SIGAR: NATO task force no longer reporting Taliban attacks in Afghanistan

May 1 (UPI) — The U.S.-led NATO task force in Afghanistan has stopped releasing information on the number of Taliban attacks, now deeming the information too sensitive to publicize, a U.S. military watchdog says.

The Special Inspector General for Afghanistan Reconstruction, established by Congress in 2008 to keep watch over U.S. funds spent in Afghanistan, said in its quarterly report Friday coalition forces are withholding data on “enemy-initiated attacks.”

Special Inspector General John Sopko criticized the move, saying the decision eliminated “one of the last remaining metrics SIGAR was able to use to report publicly on the security situation in Afghanistan” after coalition forces discontinued a system in 2018 that assessed Taliban control of individual districts.

Sopko said the coalition cited sensitivity of ongoing negotiations between the Taliban, the Afghan government and the United States as the reason for halting the information.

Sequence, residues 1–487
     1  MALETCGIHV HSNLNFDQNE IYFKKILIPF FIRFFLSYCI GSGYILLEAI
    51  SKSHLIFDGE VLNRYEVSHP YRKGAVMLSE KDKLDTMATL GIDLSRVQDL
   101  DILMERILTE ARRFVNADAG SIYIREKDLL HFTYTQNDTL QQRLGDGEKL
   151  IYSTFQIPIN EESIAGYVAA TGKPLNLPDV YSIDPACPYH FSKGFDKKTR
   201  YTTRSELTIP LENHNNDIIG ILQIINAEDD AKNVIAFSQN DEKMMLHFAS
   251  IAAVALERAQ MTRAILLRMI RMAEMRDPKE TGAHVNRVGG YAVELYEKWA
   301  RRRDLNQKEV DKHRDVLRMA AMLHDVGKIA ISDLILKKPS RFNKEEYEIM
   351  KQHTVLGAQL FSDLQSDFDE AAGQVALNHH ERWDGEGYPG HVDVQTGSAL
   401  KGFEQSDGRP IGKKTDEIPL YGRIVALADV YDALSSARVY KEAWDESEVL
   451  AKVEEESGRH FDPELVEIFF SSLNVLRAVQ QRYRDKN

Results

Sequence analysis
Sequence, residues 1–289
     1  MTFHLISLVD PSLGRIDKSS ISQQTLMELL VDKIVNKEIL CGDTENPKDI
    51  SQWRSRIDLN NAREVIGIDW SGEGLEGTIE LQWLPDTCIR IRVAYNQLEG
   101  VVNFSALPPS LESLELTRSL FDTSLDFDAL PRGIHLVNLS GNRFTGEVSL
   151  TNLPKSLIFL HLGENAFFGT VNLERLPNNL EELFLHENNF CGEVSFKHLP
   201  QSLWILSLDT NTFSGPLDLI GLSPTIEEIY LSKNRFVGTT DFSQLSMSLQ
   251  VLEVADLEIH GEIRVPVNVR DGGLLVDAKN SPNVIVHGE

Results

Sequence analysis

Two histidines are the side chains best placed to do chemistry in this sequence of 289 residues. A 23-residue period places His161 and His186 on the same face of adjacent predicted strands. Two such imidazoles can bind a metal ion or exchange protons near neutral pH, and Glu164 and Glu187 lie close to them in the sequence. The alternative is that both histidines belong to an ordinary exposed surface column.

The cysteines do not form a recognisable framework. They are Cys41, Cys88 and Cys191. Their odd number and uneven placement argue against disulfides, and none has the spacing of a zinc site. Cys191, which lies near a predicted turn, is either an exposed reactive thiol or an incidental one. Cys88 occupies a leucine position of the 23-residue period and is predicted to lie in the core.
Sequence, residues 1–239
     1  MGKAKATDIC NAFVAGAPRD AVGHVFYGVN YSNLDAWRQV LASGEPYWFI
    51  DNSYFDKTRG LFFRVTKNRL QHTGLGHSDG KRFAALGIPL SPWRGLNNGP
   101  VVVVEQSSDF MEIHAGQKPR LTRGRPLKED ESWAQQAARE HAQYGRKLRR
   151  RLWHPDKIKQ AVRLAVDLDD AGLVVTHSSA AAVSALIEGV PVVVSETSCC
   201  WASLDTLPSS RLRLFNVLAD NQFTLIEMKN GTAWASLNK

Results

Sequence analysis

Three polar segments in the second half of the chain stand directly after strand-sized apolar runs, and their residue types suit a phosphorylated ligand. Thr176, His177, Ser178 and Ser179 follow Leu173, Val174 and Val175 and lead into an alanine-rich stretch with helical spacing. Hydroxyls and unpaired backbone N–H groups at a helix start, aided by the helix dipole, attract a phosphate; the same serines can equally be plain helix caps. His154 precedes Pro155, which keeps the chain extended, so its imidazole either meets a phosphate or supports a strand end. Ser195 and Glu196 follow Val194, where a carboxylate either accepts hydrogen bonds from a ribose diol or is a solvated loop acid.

“[Enemy-initiated attacks] are now a critical part of deliberative inter-agency discussions regarding ongoing political negotiations between the U.S. and the Taliban,” U.S. military officials told SIGAR, adding that the data may again become releasable to the public once the deliberative process ends.

The discussions are part of a February peace deal between the United States and Taliban, under which U.S. forces will leave Afghanistan in exchange for power-sharing negotiations between Kabul and the militant group.

While they didn’t release actual data on Taliban attacks in the first quarter, U.S. officials did tell SIGAR the group refrained from targeting NATO coalition forces during the period, and instead focussed their fire on Afghan government security forces.

Kabul has said Taliban attacks are responsible for killing and injuring dozens of soldiers and hundreds of civilians since the peace deal was signed Feb. 29.

U.S. officials told SIGAR the Afghan government maintains control of Kabul and major population centers, but the Taliban, while reducing attacks in provincial capitals, is pushing for control in other areas.

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